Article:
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Ice capades

Another backdated entry. And... (drumroll)... I'm online here in the UK finally! Entries after this will no doubt be packed with all my complaints about English business habits and Why They Aren't a Great Capitalism Superpower.


Boxing Day... what the hell is it? I don't know, but one thing's for sure: Sunset was spectacular, up on a hill in Coventry looking out over the winter Midlands countryside -- usually a patchwork of green partitioned with runners of grey rock walls and speckled most of the time with white fluffy sheep... and now, dark and dusky with salmon-pink streaks glowing above, and glowing blue-grey clouds.

And it is chilly! Walking home late that night to Ash's mum's place, just a few blocks from Ash's sister Julia's where we spent much of the evening, I was in utter awe of the glittering, ice-frosted lawns! It looked exactly like some rascally teenaged girl (or maybe it was Amber?) had sprinkled her body glitter all over every lawn, every hedge, every scraggly half-dead flowerbed. Every parked car we passed had a sparkling, glittering layer of ice which caught the streetlights like a beaded gown spread over its roof. I stop at every one, gasping with delight, and Ash takes a moment to try and ignore the freezing cold, and see the beauty of a sight he's ignored a thousand times in favor of expediting reaching the heated indoors. Our breath in steamy clouds, he laughs and hugs me as I exclaim over and over, "It's so beautiful!" We snuggle extra closely under the warm duvet that night at Ash's mum's house.

At 7am I awaken to my cell phone ringing, but by the time I've sleepily worked out the details (that's my phone... only important people have this number... it's just before bedtime in California, the ideal time to call England... as I lay here contemplating this my house in S.F. is probably burning down...), it's stopped. I manage to have the phone in my hand, analyzing in half-sleep the glowing face -- what does it say? What does it mean? -- as it rings again, announcing voicemail.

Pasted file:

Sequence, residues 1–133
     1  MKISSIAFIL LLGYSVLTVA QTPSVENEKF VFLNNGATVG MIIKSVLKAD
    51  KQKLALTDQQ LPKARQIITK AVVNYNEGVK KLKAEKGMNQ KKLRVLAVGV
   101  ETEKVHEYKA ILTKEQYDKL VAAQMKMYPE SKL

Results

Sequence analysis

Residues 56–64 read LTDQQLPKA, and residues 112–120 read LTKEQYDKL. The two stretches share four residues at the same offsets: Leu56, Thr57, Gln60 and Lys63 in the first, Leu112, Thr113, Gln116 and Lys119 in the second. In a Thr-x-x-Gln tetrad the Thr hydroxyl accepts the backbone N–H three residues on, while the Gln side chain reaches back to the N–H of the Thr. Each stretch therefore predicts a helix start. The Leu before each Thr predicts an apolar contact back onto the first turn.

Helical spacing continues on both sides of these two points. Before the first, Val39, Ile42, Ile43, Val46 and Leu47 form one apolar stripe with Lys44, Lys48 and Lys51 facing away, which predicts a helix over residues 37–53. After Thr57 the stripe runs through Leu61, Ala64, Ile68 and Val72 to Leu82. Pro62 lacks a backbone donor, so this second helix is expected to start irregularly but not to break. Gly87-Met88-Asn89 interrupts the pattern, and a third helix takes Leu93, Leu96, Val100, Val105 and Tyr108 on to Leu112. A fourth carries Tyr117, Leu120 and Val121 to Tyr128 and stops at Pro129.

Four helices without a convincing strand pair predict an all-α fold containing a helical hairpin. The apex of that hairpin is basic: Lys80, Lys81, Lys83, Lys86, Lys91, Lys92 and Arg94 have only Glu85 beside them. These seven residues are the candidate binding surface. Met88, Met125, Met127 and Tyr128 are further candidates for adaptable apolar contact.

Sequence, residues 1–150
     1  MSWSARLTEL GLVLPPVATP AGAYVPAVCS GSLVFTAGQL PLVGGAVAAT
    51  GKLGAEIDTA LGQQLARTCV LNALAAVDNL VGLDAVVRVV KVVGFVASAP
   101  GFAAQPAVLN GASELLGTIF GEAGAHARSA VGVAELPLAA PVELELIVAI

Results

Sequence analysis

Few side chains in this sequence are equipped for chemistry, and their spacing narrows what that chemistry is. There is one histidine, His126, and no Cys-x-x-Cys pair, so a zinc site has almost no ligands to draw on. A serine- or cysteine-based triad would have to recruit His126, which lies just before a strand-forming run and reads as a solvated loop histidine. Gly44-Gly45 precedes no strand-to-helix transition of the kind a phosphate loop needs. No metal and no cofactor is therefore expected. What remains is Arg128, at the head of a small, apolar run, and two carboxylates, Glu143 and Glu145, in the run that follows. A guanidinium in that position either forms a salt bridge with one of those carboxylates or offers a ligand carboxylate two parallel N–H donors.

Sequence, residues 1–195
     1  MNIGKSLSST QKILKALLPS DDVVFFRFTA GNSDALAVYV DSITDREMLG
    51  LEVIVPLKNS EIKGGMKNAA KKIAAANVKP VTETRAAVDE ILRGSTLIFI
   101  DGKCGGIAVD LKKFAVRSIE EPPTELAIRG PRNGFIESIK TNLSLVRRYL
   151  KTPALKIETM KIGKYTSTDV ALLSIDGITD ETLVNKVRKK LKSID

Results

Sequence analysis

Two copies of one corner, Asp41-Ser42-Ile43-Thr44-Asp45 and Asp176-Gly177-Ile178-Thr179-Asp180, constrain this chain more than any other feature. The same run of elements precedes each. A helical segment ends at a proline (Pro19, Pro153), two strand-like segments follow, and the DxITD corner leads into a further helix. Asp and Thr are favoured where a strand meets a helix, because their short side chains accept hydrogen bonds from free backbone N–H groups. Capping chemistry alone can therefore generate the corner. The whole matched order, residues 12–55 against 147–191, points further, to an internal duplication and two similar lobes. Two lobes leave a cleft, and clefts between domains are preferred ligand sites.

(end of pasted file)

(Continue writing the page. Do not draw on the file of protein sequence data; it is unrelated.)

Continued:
The battery's nearly dead, but I hear a boisterous, "SQUIDDLEY-DEE! I MISS YOU!!!!!", which could only be Gina! -and then, BOOP. Battery's dead, and the room's just as quiet as before, a dingy orange-grey of early dawn... and I toss the phone onto a pile of clothes and lie back down next to Ash, thinking of my best pal back in California.

9am and I awaken again, this time to bright sunlight and two mugs of steaming tea next to the bed, which Ash's mum has just left. I can hear her dancing back down the hallway, singing, "...Let it snow, let it snow, let it snow..." I've been hearing the same friggin' Christmas songs for weeks now, shopping around Cambridge. But I've never heard Ash's mum sing Christmas songs! Could it be -?

"Look outsi-iide," I hear her singing, as if that were in the lyrics. I got up and went around to the window, balancing on a stack of Ash's clothes and christmas presents, to look out the front of the house. Sure enough, everything is covered with a soft blanket of white, white, white! All the cars that drive past are piled tall in silly puffy coats, driving slowly and dropping floaty chunks of powder every which way.

As we prepared to leave, I walked around in circles in the snow. "Scrinch. Scrinch. Scrinch." There's a sound snow makes when you step on it that's halfway between a "crunch" and a "squeak". Cool.

If you're groaning with boredom, let me remind you that I'm first generation Californian, born and raised in a temperate climate wherein "snow" is a place a few hours away on a mountain that, on a sunday afternoon in January, you might pile into the car and drive to. Otherwise it's pretty much just on TV. Well, that and... okay, I have to admit. As we drove the TVR down country lanes back towards Cambridge today, there were moments where the tableaux -- big flat snowy field with black-branched trees around, edged with a low, rotting wooden fence (all contrasted with soft white caps on every horizontal surface) -- looked *exactly* like a cheap motel-room oil painting. I said to Ashley, "That's how unfamiliar this all is to me: it all looks like a cheesy caricature of what it really IS."

The snowy scenes continued all the way back to Cambridge. I saw fluffy white pastures with sheep that suddenly seemed so, well, brown... and so shaggy that they were parted down their backs. As we approached Cambridge the snow looked soggier, kind of deflated; but it was still snow!

Now we walked up the drive to our apartment and I could actually say I live someplace with snow. I stomped my feet authoritatively in the entrance hall like people do on TV. Like I've been stomping snow off my boots all my life. Ashley probably has no idea how surreal it seems to me. I may as well be acting in an episode of Little House on the Prarie.

"Mornin', Ma! Mornin', Pa!"

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